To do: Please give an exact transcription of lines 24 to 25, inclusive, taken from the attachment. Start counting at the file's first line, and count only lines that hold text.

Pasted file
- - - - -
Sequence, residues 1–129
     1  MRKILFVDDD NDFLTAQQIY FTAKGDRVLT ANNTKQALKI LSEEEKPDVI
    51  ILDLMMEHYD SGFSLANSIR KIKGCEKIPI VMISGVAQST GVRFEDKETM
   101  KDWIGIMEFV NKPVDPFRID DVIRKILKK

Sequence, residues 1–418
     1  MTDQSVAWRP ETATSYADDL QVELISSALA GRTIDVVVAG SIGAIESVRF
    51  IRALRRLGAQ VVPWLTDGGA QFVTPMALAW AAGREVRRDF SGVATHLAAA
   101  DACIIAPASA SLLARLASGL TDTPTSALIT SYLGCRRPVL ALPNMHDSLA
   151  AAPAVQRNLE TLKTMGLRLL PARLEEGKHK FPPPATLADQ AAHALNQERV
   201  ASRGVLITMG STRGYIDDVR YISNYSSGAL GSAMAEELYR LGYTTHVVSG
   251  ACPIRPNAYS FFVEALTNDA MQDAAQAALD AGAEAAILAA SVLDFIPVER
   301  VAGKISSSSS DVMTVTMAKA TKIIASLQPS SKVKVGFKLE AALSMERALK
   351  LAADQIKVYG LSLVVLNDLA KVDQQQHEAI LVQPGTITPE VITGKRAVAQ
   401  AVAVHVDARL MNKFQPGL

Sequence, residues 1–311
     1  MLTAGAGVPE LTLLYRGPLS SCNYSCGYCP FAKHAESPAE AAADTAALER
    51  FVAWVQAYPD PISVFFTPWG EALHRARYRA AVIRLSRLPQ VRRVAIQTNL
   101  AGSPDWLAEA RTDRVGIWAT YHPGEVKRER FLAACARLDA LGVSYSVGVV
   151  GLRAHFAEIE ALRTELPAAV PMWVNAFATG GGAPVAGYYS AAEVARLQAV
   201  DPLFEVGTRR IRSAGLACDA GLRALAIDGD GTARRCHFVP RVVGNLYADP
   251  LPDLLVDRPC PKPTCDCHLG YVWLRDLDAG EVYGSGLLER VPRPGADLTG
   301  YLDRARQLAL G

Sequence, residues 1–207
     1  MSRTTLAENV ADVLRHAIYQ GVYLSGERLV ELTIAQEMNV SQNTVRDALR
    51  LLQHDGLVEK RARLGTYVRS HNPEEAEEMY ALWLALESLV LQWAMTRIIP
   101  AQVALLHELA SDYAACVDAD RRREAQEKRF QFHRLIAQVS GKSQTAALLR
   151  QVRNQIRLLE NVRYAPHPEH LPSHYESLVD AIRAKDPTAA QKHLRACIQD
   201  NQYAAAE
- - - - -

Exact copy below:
     1  MSRTTLAENV ADVLRHAIYQ GVYLSGERLV ELTIAQEMNV SQNTVRDALR
    51  LLQHDGLVEK RARLGTYVRS HNPEEAEEMY ALWLALESLV LQWAMTRIIP